Back in the days before a large majority of Brazilians had refrigerators in their home, people used other techniques for preserving foods. There are lots of ways to preserve food that don't involve cold temperatures - a good thing in a mostly-tropical country like Brazil. Smoking, pickling in vinegar or wine, preserving in sugar syrups, salting - all these techniques are important parts of traditional Brazilian cooking.
The technique is identical to the way that the inhabitants of southwestern France have always made their famous duck confit - the only difference is that the animal in question in Brazil is a pig whereas in France it's a duck. Both animals have large stores of body fat, so both are suitable for preserving in this manner.
Most of the production of carne em lata in Brazil historically was domestic - on farms where pigs were raised one was slaughtered every couple of months, the prime cuts were eaten fresh and the lesser cuts were preserved in fat. There were meat-processing companies that made canned meat on an industrial scale for people who didn't have their own animals to slaughter but who needed meat that could be stored at room temperature until consumed. Most of these companies were located in the states of Minas Gerais and São Paulo.
Recently there has been a surge in demand for carne de lata in Brazil. Just as in France, where duck confit has now found a place at the highest levels of gastronomy, Brazilian chefs are discovering just how good canned meat can be. Many of the chefs are making their own carne de lata, but others have gone back to the original industrial producers for the product. The result is that the original firms that made carne de lata, or at least those who survived the long drought during the second half of the last century, are now finding a renewed interest in their product and a large increase in consumption.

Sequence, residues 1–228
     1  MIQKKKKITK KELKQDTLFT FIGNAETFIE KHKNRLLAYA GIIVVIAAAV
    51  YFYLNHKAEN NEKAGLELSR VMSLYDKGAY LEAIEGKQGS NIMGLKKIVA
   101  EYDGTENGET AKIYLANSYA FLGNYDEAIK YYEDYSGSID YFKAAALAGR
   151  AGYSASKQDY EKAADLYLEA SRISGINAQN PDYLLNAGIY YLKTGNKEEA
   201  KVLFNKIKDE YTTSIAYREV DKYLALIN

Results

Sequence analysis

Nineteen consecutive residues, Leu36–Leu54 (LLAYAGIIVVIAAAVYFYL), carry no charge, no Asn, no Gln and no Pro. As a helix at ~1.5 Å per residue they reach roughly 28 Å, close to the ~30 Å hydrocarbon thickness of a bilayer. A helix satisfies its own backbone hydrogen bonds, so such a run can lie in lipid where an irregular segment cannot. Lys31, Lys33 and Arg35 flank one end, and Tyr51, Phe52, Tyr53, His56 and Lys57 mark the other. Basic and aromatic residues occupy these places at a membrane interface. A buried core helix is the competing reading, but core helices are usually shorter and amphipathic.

One of the best-known of these firms is named Xavante, from the city of Divinópolis in Minas Gerais. They sell carne de lata, in cans with appropriately retro labels, in sizes ranging from 500 gr (about 1 lb) to 3.4 kg (7.5 lb) behemoths. The product is even available for online purchase.
Here at Flavors of Brazil we find it comforting to learn about the return of carne de lata - it's honest food, made as it always has been (because of necessity originally, because of taste these days). It's just one more example of that truism - "Everything old is new again."